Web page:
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Reviews for "In the Time of Pandemia"

Wow massive kudos to you for this project ! Regarding all the references I hope you made it into a paper ! It communicates the complex situation very well. - - To simulate different risks of transmission you could add (invisible or marked) zones in the map that elevate risk (mall, sports, or use a noise map since the patients move randomly anyway). Might over-complicate things but since you mention it prominently under limitations.

It really gets frantic in the later stages and shows how hard decisions fall onto the decider.

kikill responds:

Thanks again Kamikaye! Your feedback makes me feel validated in more ways than one. You're the second epidemiologist to give a favorable view of the work. And as a long-time active (and decorated) contributor of the Newgrounds community, I hold your opinion as a gamer and game-maker in very high regard indeed.

Thanks as well for giving me an idea I can get excited about for Version 2 of the game.

Cheers!

The anti-maskers make it so much harder

kikill responds:

They do, MrMeatballRedux, as in real life. =( Thanks for your rating and review.

Okay I get what you're going for. Money doesn't matter as much as as people getting sick, people getting sick but recovering doesn't matter as much as deaths. In addition, you want to somewhat realistically model the difficulties of people ignoring isolation or quarantine as well as limited hospital and governmental resources.

As a pure simulator of those things, this is great, and a good education tool, and I want to stress I commend you for that, especially since I'm going to go on a math rant in a second and get pretty critical on the game aspect of this. So just like, remember that I *really* appreciate that and the work that went into it before the rant starts XD

As a game the design is pretty bad. You're telling me to get below a score that will be RNG determined 90% of the time. It's infuriating and bad design for a game. My only options as a player are tests, isolation, lockdown, and hospitlization. Let's take Zone 4 as an example. It has 40% compliance and only 10% observance of things to keep infectivity down. You start the level with 5 out of 25 people infected (says 24 total on intro screen but that's apparently a mislabel). Even assuming I immediately started the level by testing everyone and telling everyone to isloate and locking down *everything* with no regard for money (so making it hard to avoid going over par already), statistically 2 people who are infected will continue running around with another 8 healthy people, with a decent chance of getting them sick. Par is set at 5004, so if a *single healthy person* gets sick, I have to restart. To not get fudged, I'd need either every sick person to listen or the surrounding people to listen, and while the math on the second is harder to get, the first is ever so slightly over a 1% chance. So even being super generous with the second situation and going up to 5%, that means that only 1/10 times am I even going to have a *chance* to beat par on zone 4. While this might be a realistic model that's very useful for teaching us, it's a *terrible* playing experience, and it's only the third real level of the game.

Basically what I'm saying is, if you want to keep the realistic simulation there (which I know I'd prefer as well), you need to relax par a bit or it's just nightmarish to play. And its easier to teach people through things like this if they don't rage quit after a few levels.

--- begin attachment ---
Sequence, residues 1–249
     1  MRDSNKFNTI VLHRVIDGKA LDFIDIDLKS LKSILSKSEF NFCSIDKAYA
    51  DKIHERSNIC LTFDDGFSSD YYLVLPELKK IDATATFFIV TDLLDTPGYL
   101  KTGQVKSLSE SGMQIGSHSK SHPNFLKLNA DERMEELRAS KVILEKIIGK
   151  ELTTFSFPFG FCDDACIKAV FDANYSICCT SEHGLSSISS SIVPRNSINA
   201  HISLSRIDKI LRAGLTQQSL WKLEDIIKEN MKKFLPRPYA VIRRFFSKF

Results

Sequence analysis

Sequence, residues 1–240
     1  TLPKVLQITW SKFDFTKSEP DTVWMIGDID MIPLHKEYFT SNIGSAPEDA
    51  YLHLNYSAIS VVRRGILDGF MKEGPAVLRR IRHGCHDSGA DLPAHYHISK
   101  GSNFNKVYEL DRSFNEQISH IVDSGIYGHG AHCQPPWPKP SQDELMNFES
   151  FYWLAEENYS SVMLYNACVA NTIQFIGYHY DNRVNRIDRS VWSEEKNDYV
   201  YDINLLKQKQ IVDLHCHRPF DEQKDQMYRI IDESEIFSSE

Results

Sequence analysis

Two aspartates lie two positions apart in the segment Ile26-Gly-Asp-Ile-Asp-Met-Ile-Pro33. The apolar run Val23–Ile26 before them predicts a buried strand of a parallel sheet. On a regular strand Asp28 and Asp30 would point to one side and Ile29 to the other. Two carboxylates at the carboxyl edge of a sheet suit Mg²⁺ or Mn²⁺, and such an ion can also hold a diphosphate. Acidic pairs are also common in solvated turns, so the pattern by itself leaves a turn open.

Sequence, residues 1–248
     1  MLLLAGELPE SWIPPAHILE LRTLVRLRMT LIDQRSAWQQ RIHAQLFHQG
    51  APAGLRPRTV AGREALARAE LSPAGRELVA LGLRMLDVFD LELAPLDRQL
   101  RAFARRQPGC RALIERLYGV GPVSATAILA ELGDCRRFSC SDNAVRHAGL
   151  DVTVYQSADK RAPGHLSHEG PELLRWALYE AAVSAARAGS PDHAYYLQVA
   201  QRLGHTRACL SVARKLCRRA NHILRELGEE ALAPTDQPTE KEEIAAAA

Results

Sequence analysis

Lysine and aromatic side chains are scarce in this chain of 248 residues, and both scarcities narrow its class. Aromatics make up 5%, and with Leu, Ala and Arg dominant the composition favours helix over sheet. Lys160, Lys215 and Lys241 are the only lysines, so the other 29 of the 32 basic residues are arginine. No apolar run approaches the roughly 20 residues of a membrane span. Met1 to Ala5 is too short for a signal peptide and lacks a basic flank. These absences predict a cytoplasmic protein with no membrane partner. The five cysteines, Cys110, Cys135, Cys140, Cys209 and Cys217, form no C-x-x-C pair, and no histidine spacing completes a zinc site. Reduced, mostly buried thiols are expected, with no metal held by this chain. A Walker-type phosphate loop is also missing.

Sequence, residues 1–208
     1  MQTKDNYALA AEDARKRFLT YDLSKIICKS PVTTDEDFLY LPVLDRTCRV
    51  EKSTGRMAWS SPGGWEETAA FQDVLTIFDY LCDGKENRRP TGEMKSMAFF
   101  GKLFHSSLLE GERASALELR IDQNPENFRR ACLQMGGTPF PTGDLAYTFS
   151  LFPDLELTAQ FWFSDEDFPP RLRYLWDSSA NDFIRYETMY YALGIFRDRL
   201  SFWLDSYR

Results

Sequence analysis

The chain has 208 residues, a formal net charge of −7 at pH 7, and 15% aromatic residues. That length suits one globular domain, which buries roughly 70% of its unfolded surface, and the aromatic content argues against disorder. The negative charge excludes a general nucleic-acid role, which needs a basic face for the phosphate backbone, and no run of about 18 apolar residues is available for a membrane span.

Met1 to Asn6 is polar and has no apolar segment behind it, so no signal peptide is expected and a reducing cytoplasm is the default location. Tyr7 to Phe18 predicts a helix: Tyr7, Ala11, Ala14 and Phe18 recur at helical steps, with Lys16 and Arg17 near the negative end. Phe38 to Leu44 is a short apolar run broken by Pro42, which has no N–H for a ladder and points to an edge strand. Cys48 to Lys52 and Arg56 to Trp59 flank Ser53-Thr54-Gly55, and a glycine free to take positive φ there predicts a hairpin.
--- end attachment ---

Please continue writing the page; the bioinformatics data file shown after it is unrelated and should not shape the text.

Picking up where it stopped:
kikill responds:

I appreciate your giving the game some thought and for acknowledging our labors in making the game a vehicle for players to understand the difficulties and dilemmas of pandemic management.

You're right, deciding on the par scores was a struggle. On the one hand, I wanted to make the players feel a sliver of how it's like to battle the current crisis, on the other hand, I also wanted to keep them in the game long enough to absorb its message. It's a design risk I took to lean more towards the former than the latter. The frustration, desperation, even rage that running after the par scores could evoke in the player I believed was part of the message. The pandemic is a maelstrom of disparate variables and random happenstance can overturn the most studied of strategies.

However, your saying that the score is 90% random is a bit of an exaggeration. Certainly, there is randomness, but you are given access to tools and can strategize with these to cope.

In Zone 4, you don't need everyone to comply with isolation to succeed. In the scenario you described, you have 2 infected and 8 vulnerable individuals who won't isolate. That means you have 15 who are compliant. The game becomes something of a physics/geometric puzzle at this point. You can strategize with how you isolate the compliant people such that they'd shield the vulnerable ones. This is roughly similar to cordoning certain sections of town to contain the virus.

Having said that, this game design is a living document which I continue to iterate on in response to feedback such as yours. The par scores were just taken from my best scores. Although I can see that several players have already beaten those and some even messaged me that the early levels are too easy, I'll try pushing back the par scores a notch for each zone.

Thanks again for sharing your observations.

P.S.

Good catch on the "24" mislabel. It's from an earlier iteration.

good game, bad reality

kikill responds:

Unfortunately... But, thank you for the rating. 👍

Oof just like real life, right down to the anti-maskers.

kikill responds:

Thank you for the rating and review, supertoria12.